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Gordon College’s bid to auction books creates uproar

Descendant, faculty say effort to sell rare Bibles violates donor’s request

This collection includes some books dating to the 1400s.

When a wealthy family bequeathed a collection of rare Bibles and Shakespeare folios to Gordon College in 1922, it came with a catch: the works had to remain intact and with the school.

That’s why a descendant of the late collector Edward Payson Vining, a railroad executive and bibliophile, was surprised to learn that Gordon plans to auction off 10 percent of the 7,000 volumes this fall. The sale is expected to fetch as much as $2.5 million.

“Wow, I’m shocked, because I know [Vining] would want the books to be there,” said Vining’s great-granddaughter, Sandra Webber, 76, of Nokomis, Fla., who learned of the planned sale from a reporter this week.


The planned sale has stirred unease on Gordon’s Wenham campus, leading some faculty to question the leadership of the college’s president, D. Michael Lindsay, who spearheaded the auction. The administration, they say, left them out of the discussions to sell the works.

“The Vining collection is an example of the larger issue of a breakdown between the faculty and the administration,” said James Trent, a professor of sociology and social work who has worked at the school for 12 years.

The episode is the latest controversy for the Christian liberal arts college, which fell under the national spotlight last summer when Lindsay joined other religious leaders in calling for an exemption to federal workplace protections for gay and transgender workers.

A key donor said he, too, is frustrated with Lindsay and is considering withdrawing his $60 million bequest, a record gift for the school.

“I think most of the problems can be laid on the desk and the shoulders of the CEO,” said Dale E. Fowler, whose grandchildren attend Gordon. In anticipation of the gift from Fowler, the school has named its campus after him..

Administrators said selling a portion of the collection — which some faculty use for research — is the only way to afford to preserve of the rest of the books. A proper facility would cost between $500,000 and $2 million, they say.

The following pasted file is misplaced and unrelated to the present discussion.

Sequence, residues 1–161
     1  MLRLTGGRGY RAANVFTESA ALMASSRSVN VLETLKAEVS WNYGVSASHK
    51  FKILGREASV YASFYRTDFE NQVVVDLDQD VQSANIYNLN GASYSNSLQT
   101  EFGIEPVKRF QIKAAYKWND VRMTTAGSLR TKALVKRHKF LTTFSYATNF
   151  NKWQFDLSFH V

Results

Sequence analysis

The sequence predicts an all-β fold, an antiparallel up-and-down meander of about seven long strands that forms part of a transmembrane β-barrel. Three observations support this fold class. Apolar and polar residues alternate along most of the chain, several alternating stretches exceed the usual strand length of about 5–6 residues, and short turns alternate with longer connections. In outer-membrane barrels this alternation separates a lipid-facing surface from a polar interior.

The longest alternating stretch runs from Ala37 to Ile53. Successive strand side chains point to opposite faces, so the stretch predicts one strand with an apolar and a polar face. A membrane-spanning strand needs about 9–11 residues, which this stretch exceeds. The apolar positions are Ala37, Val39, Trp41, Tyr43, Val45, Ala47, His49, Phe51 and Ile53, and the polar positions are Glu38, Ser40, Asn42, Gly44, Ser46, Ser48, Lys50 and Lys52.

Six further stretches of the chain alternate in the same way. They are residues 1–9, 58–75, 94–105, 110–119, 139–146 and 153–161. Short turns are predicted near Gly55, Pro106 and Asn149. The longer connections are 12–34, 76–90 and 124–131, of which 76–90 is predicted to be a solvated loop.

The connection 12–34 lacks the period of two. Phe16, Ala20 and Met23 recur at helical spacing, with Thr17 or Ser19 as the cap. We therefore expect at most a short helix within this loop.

The collection lay forgotten in boxes in the Fenwayfor more than 60 years until the school moved them in 1986 to a special facility on its Wenham campus, said professor K. David Goss.

The school desperately needs money to care for the books, though selling any of the collection would be a tragedy, Goss said.

“As long as I’m here, I don’t want to see any of it leave,” he said.

Administrators say they cannot find the original gift bequest but understand that the donor’s wish to keep the collection intact is documented in a 1953 book by then-president Nathan R. Wood.

“Simply put, the college believes the best way to honor the larger intent of this collection . . . is applying the proceeds of the sale of the 10 percent of the collection to preserve and maintain the larger 90 percent,” Gordon spokesman Rick Sweeney said.

Meanwhile, the collection is listed in a full-color advertisement of the auction house Doyle New York. The auction had been scheduled for April, but the college postponed it until the fall for reasons officials declined to state.

A different descendant of the family contacted the school and confirmed the family has no record of the original paperwork and understands the school’s desire to sell some books, Sweeney said.


The collection includes a Ximenes Greek Bible, a first-edition Martin Luther German Bible, and “Up-Biblum God,” a 1663 Bible translated by the Puritan missionary John Eliot into Algonquin, according to Wood’s book.

Some volumes date to the 1400s and are written in ancient dialects from Australia, Southeast Asia, and Mexico, Goss said.

Several other faculty, most of whom did not want to be identified because they fear reprisal from the administration, said administrators rebuffed their attempt to slow the sale and research the terms of the original donation.

Administrators call for dialogue, Trent said, but “the more they call for it the less we do it.”

Sweeney said officials listened to professors’ suggestions, but Gordon’s Board of Trustees felt an auction was the right choice.

Doyle New York and the school declined to estimate the worth of books to be sold. Trent said administrators told faculty in December the works could fetch around $2.5 million.

Faculty speculate that the college has suffered from a drop in donations following the negative publicity last summer, although financial documents are not recent enough to show such a decline.

Administrators said the school is on solid financial footing. It brought in $8.5 million in grants and contributions in fiscal 2014, documents show, up from $5.5 million the year before.

This school year, Gordon has more students than ever, 1,736 compared with 1,707 last year.

Charles Otis, a former Wall Street Journal editor and husband of Vining’s daughter, Annabel, donated the books two years after Vining died in 1920, according to Wood’s book and to Webber, Vining’s great-granddaughter. Vining retired early from his business career to study and collect literature. He could read more than 50 languages.


Webber said she played in Vining’s Cape Cod library as a child but only later understood the books’ significance. A visit to Gordon’s archive is on her bucket list, which is why news of the auction came as even more of a shock.

“I know his collection would not want to be broken up,” she said.

Laura Krantz can be reached at laura.krantz@globe.com. Follower her on Twitter @laurakrantz.